Update 3/30/2022: I exited my bear call vertical options spread on PVH, 51 days before expiration, for a $0.63 debit per contract/share, a profit before fees of $117 per contract. Shares were trading at $86.01, down $1.71 from the entry level.
The Implied Volatility Rank at exit was 20.4%, down 19.7 points from the entry level.
I exited because the position reached 30% of maximum potential profit, above my normal 25% exit point for earnings plays.
Shares declined by 1.9% over one day for a -712% annual rate. The options position produced a 185.7% return for a +67,786% annual rate.
I have entered a short bear call options spread on PVH, using options that trade for the last time 52 days hence, on May 20. The premium is a $0.90 credit per contract share and the stock at the time of entry was priced at $87.72.
The Implied Volatility Ratio stood at 40.1%.
|PVH-bear call spread||Strike||Odds||Delta|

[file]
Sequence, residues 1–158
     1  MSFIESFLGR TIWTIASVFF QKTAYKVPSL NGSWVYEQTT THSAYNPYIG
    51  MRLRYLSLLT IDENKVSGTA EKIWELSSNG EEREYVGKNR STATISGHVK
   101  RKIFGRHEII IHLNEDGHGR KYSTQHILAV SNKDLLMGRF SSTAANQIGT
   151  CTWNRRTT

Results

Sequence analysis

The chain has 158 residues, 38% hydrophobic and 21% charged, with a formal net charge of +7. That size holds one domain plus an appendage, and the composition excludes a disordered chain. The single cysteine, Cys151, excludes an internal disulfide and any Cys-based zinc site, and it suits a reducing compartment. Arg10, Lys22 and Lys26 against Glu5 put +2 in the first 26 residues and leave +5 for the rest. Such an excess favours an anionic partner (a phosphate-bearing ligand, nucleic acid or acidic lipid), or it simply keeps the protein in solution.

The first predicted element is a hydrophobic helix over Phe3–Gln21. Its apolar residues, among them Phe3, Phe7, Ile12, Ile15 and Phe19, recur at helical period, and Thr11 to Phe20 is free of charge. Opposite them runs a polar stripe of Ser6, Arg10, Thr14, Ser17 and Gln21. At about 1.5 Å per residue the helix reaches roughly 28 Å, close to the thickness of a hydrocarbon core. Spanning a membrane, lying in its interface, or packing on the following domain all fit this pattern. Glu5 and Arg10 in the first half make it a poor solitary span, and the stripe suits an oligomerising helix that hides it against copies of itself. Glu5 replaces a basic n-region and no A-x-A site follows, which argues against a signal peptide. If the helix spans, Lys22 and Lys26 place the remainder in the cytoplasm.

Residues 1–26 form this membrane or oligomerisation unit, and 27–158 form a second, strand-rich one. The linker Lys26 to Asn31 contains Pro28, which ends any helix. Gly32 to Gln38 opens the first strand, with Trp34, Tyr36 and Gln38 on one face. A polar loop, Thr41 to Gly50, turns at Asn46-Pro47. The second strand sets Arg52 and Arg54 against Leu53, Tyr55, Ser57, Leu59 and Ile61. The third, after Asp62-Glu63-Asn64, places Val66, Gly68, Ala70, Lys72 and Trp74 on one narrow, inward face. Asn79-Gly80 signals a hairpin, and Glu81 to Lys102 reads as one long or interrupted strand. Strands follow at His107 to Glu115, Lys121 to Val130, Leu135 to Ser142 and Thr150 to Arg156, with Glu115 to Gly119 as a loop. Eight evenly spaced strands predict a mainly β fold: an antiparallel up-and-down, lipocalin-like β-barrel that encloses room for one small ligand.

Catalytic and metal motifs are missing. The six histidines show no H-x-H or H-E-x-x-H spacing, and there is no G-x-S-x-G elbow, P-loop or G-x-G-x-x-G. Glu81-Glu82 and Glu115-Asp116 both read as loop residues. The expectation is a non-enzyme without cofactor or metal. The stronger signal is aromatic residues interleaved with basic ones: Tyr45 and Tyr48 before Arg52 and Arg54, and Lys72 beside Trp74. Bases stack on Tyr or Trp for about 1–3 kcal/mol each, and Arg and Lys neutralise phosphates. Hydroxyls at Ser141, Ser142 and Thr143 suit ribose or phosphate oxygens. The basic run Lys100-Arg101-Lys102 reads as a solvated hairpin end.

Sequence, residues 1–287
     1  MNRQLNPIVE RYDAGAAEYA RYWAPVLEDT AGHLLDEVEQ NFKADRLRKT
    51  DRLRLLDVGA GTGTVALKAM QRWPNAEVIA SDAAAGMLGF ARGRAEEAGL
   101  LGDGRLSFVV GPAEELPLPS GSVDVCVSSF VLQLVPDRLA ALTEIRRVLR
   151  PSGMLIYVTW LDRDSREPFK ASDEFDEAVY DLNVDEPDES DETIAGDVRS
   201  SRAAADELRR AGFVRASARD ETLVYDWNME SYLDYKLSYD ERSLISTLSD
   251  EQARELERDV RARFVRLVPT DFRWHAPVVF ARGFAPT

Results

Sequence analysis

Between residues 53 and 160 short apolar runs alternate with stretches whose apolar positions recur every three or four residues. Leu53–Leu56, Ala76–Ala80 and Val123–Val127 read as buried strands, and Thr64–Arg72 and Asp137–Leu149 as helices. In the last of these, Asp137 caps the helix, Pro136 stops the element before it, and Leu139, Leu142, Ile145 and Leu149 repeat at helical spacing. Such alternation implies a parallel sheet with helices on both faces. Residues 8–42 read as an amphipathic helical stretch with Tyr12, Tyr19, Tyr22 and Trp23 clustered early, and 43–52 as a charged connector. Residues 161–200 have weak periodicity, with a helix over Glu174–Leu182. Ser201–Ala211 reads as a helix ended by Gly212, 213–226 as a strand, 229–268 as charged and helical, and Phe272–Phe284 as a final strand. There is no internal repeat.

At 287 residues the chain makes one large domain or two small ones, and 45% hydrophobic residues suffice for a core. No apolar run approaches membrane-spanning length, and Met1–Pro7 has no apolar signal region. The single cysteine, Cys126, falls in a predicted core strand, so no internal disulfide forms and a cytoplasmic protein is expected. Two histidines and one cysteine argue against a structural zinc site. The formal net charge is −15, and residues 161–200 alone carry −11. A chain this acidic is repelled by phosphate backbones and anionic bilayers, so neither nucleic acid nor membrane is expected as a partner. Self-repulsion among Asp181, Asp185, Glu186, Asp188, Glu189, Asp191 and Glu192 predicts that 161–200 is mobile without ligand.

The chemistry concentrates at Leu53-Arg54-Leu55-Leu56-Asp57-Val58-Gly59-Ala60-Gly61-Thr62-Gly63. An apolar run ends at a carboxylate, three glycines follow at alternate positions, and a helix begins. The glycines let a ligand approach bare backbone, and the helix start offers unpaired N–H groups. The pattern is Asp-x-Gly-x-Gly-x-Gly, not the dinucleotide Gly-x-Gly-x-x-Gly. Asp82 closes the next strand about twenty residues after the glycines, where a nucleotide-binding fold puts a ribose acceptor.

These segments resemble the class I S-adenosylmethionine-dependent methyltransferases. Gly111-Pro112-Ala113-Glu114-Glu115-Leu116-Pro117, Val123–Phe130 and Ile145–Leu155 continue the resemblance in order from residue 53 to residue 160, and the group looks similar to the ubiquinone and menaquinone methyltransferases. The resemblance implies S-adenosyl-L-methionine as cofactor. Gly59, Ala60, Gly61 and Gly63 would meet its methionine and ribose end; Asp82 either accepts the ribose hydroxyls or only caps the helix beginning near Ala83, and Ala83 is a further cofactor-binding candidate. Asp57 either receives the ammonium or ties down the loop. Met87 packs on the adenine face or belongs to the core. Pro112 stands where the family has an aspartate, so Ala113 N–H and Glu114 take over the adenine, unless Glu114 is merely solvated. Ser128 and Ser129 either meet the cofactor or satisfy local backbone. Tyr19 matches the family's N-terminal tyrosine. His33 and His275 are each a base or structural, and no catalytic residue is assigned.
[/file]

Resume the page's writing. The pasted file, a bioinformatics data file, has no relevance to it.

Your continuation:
The premium is 36% of the width of the position’s short/long spread. The profit zone covers a 15% move to the upside and an unlimited move to the downside.
The risk/reward ratio is 4.6:1, with maximum risk of $410 and maximum reward of $90 per contract.
How I chose the trade. The trade was placed to coincide with PVH’s earnings announcement, after the closing bell on the day of entry. The short strikes were set to coincide with the expected move of $2.60 either way, based on options pricing, which gives a price range of $85.55 to $90.75, adjusted for time to expiration. The options used for estimating the spread were 16 days away from expiration, and so to account for the uncertainty, in the trade I used an unadjusted range, $77.76 to $98.54, providing a greater chance of success in return for a higher risk/reward ratio.
By Tim Bovee, Portland, Oregon, March 29, 2022
Tim Bovee, Private Trader tracks the analysis and trades of a private trader for his own accounts. Nothing in this blog constitutes a recommendation to buy or sell stocks, options or any other financial instrument. The only purpose of this blog is to provide education and entertainment.
No trader is ever 100 percent successful in his or her trades. Trading in the stock and option markets is risky and uncertain. Each trader must make trading decisions for his or her own account, and take responsibility for the consequences.
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